Travel Diary: Savannah Georgia’s Historic District
Have you ever been to Savannah? I’ve been wanting to take my daughters with me to visit Savannah all year long and this year on my 23rd birthday, we finally made it. We spent most of our time exploring Savannah, Georgia’s Historic District.
We started by parking at the Bay Street Parking Lot in Downtown Savannah. Parking here is just $2.00 an hour and is a short walk from our first stop, The City Market. From the parking lot you can also go to The Ships Of The Sea Museum which is just a block away.
Savannah is a city that requires A LOT of walking, so I definitely brought our double stroller along with us. (We use the Baby Joy Double Light Weight Stroller) As we entered The City Market, our first stop was at The Savannah Candy Kitchen. They have so much to choose from, it took some time to choose what sweet treats to try.
After we got our chocolate on in the candy kitchen, we explored the shops of The City Market. They have a shop where you can buy treats for your pups, souvenir shops, a jewelry shop and more! Outside the shops, you will see The Prohibition Museum. I love all things prohibition and early 1900’s as well, so I knew I knew we had to make a stop at the museum.
The Prohibition Museum
The Prohibition Museum only cost $14.00 for all three of us. The women at the door selling tickets was dressed like she just stepped out of a speakeasy and so were all the employees inside. They also all stayed in character as if we had to keep the speakeasy a secret.
During the prohibition, any alcohol that people could stock pile before the law went into affect was legal for them to keep and use. After the law went into affect, the majority of all alcohol was made in homes.
Prohibition supporters made different arguments against alcohol: that it was evil, that it was a waste of money, that it was dangerous for children to be around, etc. The museum was full of artifacts, posters, and clothes from the prohibition time period. (What women had to wear to swim in the 1920’s is insane!)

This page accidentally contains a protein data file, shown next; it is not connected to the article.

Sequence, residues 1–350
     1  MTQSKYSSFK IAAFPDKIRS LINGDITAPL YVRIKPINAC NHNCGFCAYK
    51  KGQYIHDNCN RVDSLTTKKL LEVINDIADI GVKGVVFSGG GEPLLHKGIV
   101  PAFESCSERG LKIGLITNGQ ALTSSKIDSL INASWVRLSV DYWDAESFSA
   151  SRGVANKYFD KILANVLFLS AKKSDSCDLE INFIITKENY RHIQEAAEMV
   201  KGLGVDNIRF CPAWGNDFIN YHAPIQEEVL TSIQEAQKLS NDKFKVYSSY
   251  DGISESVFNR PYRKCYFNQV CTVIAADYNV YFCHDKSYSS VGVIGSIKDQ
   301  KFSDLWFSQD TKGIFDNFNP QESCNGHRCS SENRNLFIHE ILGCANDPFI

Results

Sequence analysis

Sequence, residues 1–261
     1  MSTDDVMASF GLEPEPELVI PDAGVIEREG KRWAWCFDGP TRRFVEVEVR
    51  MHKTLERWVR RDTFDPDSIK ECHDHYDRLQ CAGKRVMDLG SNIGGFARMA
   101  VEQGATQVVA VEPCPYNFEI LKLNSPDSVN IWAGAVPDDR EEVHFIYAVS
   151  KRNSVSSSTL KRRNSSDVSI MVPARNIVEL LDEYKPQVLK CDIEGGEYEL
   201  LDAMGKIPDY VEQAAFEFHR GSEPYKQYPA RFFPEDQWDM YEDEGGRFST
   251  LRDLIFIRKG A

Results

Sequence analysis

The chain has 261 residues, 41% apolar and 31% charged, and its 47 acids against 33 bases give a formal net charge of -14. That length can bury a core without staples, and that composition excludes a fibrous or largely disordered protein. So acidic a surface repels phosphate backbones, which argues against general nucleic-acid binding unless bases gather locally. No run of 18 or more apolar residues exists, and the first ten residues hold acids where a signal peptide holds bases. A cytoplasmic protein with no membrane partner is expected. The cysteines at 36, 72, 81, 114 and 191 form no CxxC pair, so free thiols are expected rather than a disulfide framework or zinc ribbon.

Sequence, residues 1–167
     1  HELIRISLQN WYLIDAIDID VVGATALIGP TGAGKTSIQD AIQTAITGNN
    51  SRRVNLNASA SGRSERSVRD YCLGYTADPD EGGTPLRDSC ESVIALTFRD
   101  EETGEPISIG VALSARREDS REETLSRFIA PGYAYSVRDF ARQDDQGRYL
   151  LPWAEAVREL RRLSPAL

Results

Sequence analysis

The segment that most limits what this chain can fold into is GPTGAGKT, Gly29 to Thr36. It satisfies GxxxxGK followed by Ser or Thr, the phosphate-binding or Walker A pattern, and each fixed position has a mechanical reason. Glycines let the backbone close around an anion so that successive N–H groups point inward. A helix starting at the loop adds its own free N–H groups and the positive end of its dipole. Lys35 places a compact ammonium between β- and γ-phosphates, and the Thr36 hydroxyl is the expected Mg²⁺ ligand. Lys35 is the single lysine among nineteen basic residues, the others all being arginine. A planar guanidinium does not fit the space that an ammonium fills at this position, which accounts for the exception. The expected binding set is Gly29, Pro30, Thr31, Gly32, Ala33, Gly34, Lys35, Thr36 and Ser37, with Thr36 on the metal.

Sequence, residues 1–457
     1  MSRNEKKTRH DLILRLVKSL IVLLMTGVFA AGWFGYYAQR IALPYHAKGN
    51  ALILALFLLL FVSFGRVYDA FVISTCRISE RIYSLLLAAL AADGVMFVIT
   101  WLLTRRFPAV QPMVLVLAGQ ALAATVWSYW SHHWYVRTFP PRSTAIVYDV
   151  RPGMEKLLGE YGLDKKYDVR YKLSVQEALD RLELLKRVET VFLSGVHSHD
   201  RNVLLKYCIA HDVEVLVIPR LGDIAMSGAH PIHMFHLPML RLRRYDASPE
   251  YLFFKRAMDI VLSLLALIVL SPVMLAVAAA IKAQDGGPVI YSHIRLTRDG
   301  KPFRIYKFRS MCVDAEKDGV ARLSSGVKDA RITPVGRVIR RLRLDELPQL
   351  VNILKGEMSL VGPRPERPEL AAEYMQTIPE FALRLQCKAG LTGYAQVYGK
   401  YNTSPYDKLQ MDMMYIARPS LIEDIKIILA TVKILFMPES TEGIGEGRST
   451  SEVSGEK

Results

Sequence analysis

There are little hidden spots and cute showcases of the time during the prohibition. One window in the museum played a video of a house wife signaling that her home has alcohol. Another part of the museum was made to look like a dark forest where a country man was making moonshine.
My daughters favorite part of the museum was where you can learn to dance like you are from that time period!
At the end of the museum there is an actual speakeasy! I would have taken advantage of it if I didn’t have children with me. The decoration was so cool and the walls of the sitting area opposite of the bar were covered with artifacts and facts about the prohibition.
If you have a stroller or a wheel chair, you will need to ask the bar tender to show you the way out of the museum. They will take you through a secret passage way behind a hidden door in the wall. This will take you back to the elevator at the beginning of the museum.
As you exit the museum and look to you right, you will see Eillis Square. We walked over to the square to sit by the fountain and eat our chocolate from The Savannah Candy Kitchen before moving on to The Paris Market.
The Paris Market
The building of the Paris Market is different than all of the others in Savannah’s historic district. The beautiful architecture and promise of mouth watering macarons will draw you into the shop.
We shopped around the market, looking at all of French themed products, before we headed to their little bakery for some delicious treats! You can get breakfast, lunch, and dessert here. We sat in their beautiful seating area and tried our different macaron flavors. Wow, two stops for sweet treats before lunch time.. don’t judge, it’s my birthday! haha.
Marche De Macarons & Leopold’s Ice Cream